Jump to content
Baseops Forums
brickhistory

Saddle up for Syria? Or Op Deny Christmas '13

Recommended Posts



That’s unfortunate not suddenly news. Been going on for a while now.

Between this and Ukraine though it’s nice of Russia to give us lots of stuff to study/compile intel on for a change. Only fair since we’ve given them nearly 2 decades to do the same.

Share this post


Link to post
Share on other sites
First time I’ve seen it open source.

 

I think it’s just the first time it’s been run as a headline story on one of the Big3 cable news networks stateside. I know a lot of smaller news groups out there have been doing reports on “what the Russians are up to” for the last couple years and their EW activities have definitely come up often. Stuff like them harassing NATO members along the border.

 

http://www.thedrive.com/the-war-zone/15194/russia-jammed-phones-and-gps-in-northern-europe-during-massive-military-drills

 

Just one example.

 

But yeah, definitely some purpose built needling going on between them and us. Not unlike the sudden jump in tech and weapons we are seeing show up in certain theaters like the Stan. Cold War never really ended, it just got ignored for a while.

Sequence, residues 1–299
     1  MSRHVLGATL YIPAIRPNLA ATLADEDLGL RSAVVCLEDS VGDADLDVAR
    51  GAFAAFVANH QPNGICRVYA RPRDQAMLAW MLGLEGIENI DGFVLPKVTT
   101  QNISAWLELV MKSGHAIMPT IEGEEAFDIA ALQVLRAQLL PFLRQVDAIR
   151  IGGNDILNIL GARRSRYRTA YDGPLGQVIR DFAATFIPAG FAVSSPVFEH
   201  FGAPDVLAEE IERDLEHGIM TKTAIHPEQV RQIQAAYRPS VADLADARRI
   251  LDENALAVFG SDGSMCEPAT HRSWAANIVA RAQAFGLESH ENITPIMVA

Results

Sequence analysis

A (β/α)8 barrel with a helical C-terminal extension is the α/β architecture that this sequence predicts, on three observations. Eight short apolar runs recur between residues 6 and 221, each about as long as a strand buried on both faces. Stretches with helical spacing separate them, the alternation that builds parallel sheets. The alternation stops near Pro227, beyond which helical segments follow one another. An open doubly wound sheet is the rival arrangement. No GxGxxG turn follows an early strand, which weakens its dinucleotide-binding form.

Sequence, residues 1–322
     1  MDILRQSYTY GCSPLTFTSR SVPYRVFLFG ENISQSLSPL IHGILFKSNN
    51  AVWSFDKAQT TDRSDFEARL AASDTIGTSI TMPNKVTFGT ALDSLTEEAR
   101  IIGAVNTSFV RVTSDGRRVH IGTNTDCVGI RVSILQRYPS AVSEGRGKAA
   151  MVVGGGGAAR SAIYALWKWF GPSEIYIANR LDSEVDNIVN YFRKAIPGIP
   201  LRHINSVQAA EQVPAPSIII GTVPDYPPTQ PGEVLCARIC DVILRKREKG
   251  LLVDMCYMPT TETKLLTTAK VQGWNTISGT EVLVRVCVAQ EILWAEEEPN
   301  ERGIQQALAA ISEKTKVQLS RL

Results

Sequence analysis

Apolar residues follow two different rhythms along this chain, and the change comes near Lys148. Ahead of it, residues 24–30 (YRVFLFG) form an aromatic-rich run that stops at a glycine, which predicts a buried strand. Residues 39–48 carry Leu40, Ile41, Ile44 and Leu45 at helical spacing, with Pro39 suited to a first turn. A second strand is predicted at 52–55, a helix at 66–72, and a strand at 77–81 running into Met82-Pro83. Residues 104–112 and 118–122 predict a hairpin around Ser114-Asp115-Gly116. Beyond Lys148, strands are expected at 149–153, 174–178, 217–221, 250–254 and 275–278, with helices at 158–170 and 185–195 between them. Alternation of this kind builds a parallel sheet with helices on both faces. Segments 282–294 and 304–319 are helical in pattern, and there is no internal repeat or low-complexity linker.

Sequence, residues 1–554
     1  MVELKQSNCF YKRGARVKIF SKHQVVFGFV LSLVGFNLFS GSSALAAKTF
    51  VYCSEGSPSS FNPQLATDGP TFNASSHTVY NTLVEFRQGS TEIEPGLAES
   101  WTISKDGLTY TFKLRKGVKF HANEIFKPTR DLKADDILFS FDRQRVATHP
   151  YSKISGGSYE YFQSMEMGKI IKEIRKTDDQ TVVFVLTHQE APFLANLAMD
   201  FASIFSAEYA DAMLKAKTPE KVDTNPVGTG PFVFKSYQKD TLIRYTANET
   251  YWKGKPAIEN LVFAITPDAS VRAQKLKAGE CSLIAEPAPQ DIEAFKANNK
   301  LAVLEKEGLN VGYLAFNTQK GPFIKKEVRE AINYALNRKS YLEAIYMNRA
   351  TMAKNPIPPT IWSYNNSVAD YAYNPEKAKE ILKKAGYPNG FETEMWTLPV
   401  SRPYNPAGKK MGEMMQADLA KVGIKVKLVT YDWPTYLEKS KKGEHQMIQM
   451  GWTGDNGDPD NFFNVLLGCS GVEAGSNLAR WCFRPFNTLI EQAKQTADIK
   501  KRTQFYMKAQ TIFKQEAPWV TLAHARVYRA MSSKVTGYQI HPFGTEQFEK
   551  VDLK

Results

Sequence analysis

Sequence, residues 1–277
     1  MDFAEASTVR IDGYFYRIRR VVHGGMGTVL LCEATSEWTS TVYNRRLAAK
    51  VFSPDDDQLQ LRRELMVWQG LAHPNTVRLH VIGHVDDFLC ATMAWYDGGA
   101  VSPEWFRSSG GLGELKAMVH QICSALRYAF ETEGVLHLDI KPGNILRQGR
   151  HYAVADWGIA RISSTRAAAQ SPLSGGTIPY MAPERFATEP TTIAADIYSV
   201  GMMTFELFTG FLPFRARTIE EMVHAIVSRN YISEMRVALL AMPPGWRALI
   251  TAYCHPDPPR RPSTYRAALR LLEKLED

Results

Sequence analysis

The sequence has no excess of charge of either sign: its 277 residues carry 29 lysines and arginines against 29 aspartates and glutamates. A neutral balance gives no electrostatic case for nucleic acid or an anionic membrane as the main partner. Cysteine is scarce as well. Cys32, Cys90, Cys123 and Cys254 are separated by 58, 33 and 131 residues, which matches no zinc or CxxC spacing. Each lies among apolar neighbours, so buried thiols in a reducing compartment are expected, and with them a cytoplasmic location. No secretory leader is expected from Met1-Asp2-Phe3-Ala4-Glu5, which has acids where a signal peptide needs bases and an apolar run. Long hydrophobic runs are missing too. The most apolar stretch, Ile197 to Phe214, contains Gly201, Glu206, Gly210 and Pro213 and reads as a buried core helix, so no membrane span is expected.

Share this post


Link to post
Share on other sites

How a 4-Hour Battle Between Russian Mercenaries and U.S. Commandos Unfolded in Syria

https://mobile.nytimes.com/2018/05/24/world/middleeast/american-commandos-russian-mercenaries-syria.html

“The Russian high command in Syria assured us it was not their people,” Defense Secretary Jim Mattis told senators in testimony last month. He said he directed Gen. Joseph F. Dunford Jr., the chairman of the Joint Chiefs of Staff, “for the force, then, to be annihilated.”

“And it was.”

Signed "Bad Ass - Mad Dog Mattis"

Edited by HarleyQuinn

Share this post


Link to post
Share on other sites

I hope we are taking advantage of our special relationship with Israel to get the After Action Reports on all these strikes. The Israelis have more and more current real-world SEAD experience than just about anyone around.

Share this post


Link to post
Share on other sites

Good article. Those are absolutely questions we need as a country to better address.

I would add we need to rethink how we will handle terrorist and terrorism operations in the future. Specifically in regards to combatant status determination and operational approach.

The most recent academic studies are showing the strategy of HVI wack-a-mole, shows little evidence to effectiveness. The most glaring evidence, that we've been doing it for 18 years and nothing  has changed. Civil policing models have proved far more effective at routing non-state terror groups in other countries though. There's often that idea that the military is a political tool. It might be a hammer, and we are flattening nails when we need a crow bar to pull them out. 

Share this post


Link to post
Share on other sites
On 12/28/2018 at 4:40 AM, FLEA said: